This phenomenon is a definite threat to the identity of each London street.
Traditionally, Tottenham Court Road, notably the south end of it, was a must area to hunt for electrical & computer goods. But the street no longer has enough electrical shops to claim as such.
Or how about Charling Cross Street?
The street was lined with secondhand bookstores in all sizes when I first arrived to this city two decades ago. Now, those treasure troves are replaced with cake shops and cafes. Rubbing salt in a wound, TK.Maxx occupies the address which used to be a large bookstore. How sad…
Call in Mary Portas or anyone! We must stop this decharacterization of Central London street by high-street chain giants. Even that ‘slippery’ hardware store on Tottenham Court Road, it was adding some sort of flavour / character to the area, no matter how sour it was…

Kaori by Kaori Okumura

Gems of Bloomsbury

My favourite route to home from Hubbie’s office is through Bloomsbury area.
From Tottenham Court Road – one of my least favourite streets in London. Apart from Heal’s and Habitat, there are no places of interest for me –  I turn into Torrington Place.
From there, I carry on walking eastward via my favourite Byng Place & Gordon Square.
Passing a rather dreary looking Tavistock Hotel on the right, I proceeded towards Tavistock place.

On this street, there is a handsome landmark, Mary Ward House

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Playfully arranged windows above the entrance grabs my attention.
Then, my eyes are drawn to the details – the masonry work with organic curves which strongly suggests the influence by the Art & Craft Movement of the 19th Century.
Also the sign above the left entrance, painted in the same black as the double leaf doors below, reminds me of Charles Rennie Mackintosh’s…

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The golden lettering which is bordered with uneven oval dots has the uncanny charm of Art Nouveau.
Apparently, the building is up for hire for cooperate events.
Through their image gallery, the state of the interior becomes apparent.
Alas, most of the rooms are devoid of the original features!
The walls are painted in lighter shades instead of William Morris style wallpaper or dark stained wood panels.
Apart from Dickens Library which preserves beautifully glazed tile fireplaces as well as the dark wood panelling which divides the wall surfaces with the distinctive geometry of the Art & Craft style, the building has been modernised in a rather bland manner.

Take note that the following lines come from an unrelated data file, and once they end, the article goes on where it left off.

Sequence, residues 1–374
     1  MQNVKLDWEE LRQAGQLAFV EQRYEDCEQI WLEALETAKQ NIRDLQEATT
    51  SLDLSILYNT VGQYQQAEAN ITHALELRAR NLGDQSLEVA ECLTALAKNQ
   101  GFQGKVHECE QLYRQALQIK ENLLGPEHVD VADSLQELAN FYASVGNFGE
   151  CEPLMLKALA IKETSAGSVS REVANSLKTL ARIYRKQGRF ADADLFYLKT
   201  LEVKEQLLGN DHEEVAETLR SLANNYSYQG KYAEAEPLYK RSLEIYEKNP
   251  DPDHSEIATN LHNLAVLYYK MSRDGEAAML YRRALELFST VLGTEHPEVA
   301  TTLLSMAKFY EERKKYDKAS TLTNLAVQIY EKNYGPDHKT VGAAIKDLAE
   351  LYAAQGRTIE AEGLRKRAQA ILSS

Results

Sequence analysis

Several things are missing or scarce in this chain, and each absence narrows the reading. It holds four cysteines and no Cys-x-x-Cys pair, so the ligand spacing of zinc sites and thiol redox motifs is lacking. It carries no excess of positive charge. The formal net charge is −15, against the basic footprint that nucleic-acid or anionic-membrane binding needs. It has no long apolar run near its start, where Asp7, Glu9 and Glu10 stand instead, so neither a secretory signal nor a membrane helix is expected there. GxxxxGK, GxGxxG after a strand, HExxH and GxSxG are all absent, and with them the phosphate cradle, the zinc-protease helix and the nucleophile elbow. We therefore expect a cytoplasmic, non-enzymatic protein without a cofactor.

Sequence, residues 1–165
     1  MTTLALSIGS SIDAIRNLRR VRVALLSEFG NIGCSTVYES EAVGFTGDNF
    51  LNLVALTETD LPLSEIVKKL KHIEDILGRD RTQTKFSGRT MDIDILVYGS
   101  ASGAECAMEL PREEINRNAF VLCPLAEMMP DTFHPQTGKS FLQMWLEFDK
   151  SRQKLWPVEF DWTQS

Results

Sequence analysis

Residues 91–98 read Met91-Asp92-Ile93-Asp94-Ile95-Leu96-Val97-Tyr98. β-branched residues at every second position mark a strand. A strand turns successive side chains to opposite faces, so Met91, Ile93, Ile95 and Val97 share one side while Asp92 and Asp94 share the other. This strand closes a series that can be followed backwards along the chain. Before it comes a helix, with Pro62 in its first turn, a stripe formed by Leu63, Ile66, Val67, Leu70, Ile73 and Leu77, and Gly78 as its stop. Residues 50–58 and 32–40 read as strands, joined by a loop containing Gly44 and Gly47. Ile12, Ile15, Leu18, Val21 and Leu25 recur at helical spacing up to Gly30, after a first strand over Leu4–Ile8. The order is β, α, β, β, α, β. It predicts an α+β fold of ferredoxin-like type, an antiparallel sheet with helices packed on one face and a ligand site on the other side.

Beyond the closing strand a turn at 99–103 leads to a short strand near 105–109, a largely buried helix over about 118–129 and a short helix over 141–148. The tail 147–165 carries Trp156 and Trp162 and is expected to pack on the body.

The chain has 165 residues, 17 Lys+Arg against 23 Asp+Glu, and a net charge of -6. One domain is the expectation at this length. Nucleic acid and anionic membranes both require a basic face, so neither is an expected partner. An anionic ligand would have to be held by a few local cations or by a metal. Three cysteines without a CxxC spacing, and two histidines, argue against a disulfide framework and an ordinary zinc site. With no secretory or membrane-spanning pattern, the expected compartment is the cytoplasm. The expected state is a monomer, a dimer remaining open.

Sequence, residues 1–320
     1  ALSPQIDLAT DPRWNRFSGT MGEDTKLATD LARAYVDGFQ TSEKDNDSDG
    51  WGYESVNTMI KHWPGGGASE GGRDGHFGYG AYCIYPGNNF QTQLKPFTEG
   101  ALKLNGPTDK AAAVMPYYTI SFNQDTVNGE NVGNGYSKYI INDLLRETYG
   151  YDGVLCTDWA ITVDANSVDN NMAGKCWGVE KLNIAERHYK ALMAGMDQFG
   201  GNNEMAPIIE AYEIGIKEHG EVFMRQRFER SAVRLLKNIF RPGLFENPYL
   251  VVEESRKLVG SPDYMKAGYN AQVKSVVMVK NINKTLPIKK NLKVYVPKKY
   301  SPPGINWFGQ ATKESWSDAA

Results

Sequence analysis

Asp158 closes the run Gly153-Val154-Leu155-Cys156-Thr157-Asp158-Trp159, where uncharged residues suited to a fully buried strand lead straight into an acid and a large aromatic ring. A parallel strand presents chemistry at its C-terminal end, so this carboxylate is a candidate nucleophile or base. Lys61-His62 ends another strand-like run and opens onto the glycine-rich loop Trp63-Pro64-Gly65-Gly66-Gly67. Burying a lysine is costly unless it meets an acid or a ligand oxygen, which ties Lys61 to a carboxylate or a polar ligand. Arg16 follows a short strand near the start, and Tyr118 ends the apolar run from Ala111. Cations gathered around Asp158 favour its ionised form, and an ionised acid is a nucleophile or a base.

Oh well, even historical buildings have to earn their own keep somehow nowadays.
I understand…

From Tavistock Place, I turn into lively Marchmont Street.
Then, skirting around Brunswick Centre, I head towards Lambs Conduit Street.

Lambs Conduit Street is crammed with independent shops, mainly men’s / unisex fashion retailers.
Most of the shops were closed when I walked through the street last time.
So I had to be content with peeping through the darkened shop windows.
How do you find this display case?

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Instead of treating the cabinet too preciously, they rejuvenated it with a playful use of magazine clippings.
What a great idea!

On nearby Rugby Street, there are a few places you shouldn’t miss when you are visiting the area.

Ben Pentreath Ltd on 17 Rugby Street…

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Shame that I can’t show you their beautiful shop window.
It is obvious that the items they sell are chosen with love and care.
I find most of them quintessentially modern British. Refined, yet left with a hint of handcrafting. Sophisticated, yet approachable. And not cheap, yet the price worth paying for.

Another shop never to be missed is Maggie Owen

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They specialised in costume jewellery.

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You mustn’t underestimate it only because they are not fine jewellery.
Maggie Owen’s offerings are costume jewellery with gusto.
Until visiting this Aladdin’s Cave, I never knew that costume jewellery could be this opulent and flamboyant.
The intricacy of the work involves does reflect on the price. However, the impact which a lucky wearer gives to her audience is well worth paying for.

I shall revisit the area once I’ve recover from the surgery.
So please watch out this space…